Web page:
ISM Number Five: ShortISM Nobody Likes to Be Looked Down on

by Michael Haberman on September 21, 2009 · 0 comments


Short people got no reason

Short people got no
Short people got no reason
To live

They got little hands
Little eyes
They walk around
Tellin’ great big lies
They got little noses
And tiny little teeth
They wear platform shoes
On their nasty little feet

In 1977 song writer Randy Newman penned and recorded “Short People”. It was a song about prejudice. It was a hit that caused alot of controversy. Some people found it funny, some found it offensive. People today still are arguing over it. (See the comments below the lyrics printed here.) It was supposed to be a statement about prejudice in general but the fact that height was selected telling.
 
In the U.S. we do “worship” height, up to a certain height anyway. Studies have shown that taller people, particularly men, generally earn more and are more successful than shorter people. A study in the Journal of Applied Psychology found that “…someone who is 6 feet tall earns, on average, nearly $166,000 more during a 30-year career than someone who is 5 feet 5 inches–even when controlling for gender, age and weight.” There were a number of possible reasons for this, including,

  • More confidence on the part of the individual
  • Higher (pun not intended, but accepted) levels of self-esteem
  • Perceptions that taller people are more leader-like
  • Perceptions that taller people are more authoritative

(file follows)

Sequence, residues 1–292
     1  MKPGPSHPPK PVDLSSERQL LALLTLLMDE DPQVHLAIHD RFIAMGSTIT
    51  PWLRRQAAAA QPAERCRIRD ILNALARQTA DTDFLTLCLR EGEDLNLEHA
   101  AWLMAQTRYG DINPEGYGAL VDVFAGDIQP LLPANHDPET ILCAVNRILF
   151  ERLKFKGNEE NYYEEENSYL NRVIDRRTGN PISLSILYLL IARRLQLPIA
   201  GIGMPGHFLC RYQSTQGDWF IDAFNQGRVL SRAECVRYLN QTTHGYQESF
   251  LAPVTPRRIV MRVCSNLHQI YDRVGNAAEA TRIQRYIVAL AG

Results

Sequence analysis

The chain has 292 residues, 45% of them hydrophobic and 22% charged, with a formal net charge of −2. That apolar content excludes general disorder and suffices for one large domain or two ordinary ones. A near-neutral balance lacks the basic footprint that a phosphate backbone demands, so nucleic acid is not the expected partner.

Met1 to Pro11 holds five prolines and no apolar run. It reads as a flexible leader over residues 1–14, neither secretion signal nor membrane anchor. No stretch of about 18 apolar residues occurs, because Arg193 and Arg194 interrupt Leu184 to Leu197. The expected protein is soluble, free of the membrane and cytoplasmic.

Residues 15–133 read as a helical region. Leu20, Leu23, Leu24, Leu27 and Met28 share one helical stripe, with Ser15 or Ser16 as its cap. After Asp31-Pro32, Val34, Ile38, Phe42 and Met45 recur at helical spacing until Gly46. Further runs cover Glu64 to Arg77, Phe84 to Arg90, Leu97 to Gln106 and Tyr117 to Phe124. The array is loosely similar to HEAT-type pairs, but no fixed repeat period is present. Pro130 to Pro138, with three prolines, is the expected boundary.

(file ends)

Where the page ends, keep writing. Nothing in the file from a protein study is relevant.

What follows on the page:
The differences seemed to be greater in jobs that required social interaction, such as management, sales, and service positions.
An additional finding was that shorter men were the objects of bias more often than shorter women. However, in my observations there are obvious careers that are closed to shorter women. You will find no runway models that are 5’2″, regardless of their beauty.
There are certainly no laws that prohibit discrimination on the basis of height, unless of course selecting on the bases of height without a bona fide occupational need leads to adverse impact on a protected class. Requiring someone to be 6′ tall just for the heck of it will screen women and hispanic and asian candidates out. So it is always best to understand job requirements.
I personally always wanted to be 6 feet tall. I thought I was 5’11” until one day my doctor measured me at 6 feet. I did not question the accuracy of the measuring tool, I just adopted the measurement. LOL I married a woman who is 5’2 3/4″. She is careful to put in the 3/4″. She too wanted to be taller. That desire for both of us to be taller must have its roots in how society reacts to short.
So what about it all you “shorties”? Have you felt the bias? Has it had any effect on your career? Have you found it harder to reach the rungs of the ladder?

Next ISM up will be GayISM followed by UglyISM. Any others you want to suggest I explore?

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